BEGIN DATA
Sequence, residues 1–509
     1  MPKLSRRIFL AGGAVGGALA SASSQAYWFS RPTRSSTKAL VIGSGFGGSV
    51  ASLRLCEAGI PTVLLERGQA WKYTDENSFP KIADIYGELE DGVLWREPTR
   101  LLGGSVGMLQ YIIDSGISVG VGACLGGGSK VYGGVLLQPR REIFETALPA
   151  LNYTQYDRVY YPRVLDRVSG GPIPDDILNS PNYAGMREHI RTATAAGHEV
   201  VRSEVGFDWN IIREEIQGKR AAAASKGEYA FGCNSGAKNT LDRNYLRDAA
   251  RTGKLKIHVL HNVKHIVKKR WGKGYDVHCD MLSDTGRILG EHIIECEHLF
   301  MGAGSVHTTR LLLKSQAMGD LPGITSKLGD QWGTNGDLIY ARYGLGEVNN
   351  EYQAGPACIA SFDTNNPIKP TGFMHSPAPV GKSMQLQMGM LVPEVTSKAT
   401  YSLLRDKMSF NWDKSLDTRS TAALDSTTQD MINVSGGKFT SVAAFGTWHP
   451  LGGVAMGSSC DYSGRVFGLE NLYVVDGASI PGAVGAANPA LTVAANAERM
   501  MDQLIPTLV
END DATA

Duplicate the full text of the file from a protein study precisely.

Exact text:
Sequence, residues 1–509
     1  MPKLSRRIFL AGGAVGGALA SASSQAYWFS RPTRSSTKAL VIGSGFGGSV
    51  ASLRLCEAGI PTVLLERGQA WKYTDENSFP KIADIYGELE DGVLWREPTR
   101  LLGGSVGMLQ YIIDSGISVG VGACLGGGSK VYGGVLLQPR REIFETALPA
   151  LNYTQYDRVY YPRVLDRVSG GPIPDDILNS PNYAGMREHI RTATAAGHEV
   201  VRSEVGFDWN IIREEIQGKR AAAASKGEYA FGCNSGAKNT LDRNYLRDAA
   251  RTGKLKIHVL HNVKHIVKKR WGKGYDVHCD MLSDTGRILG EHIIECEHLF
   301  MGAGSVHTTR LLLKSQAMGD LPGITSKLGD QWGTNGDLIY ARYGLGEVNN
   351  EYQAGPACIA SFDTNNPIKP TGFMHSPAPV GKSMQLQMGM LVPEVTSKAT
   401  YSLLRDKMSF NWDKSLDTRS TAALDSTTQD MINVSGGKFT SVAAFGTWHP
   451  LGGVAMGSSC DYSGRVFGLE NLYVVDGASI PGAVGAANPA LTVAANAERM
   501  MDQLIPTLV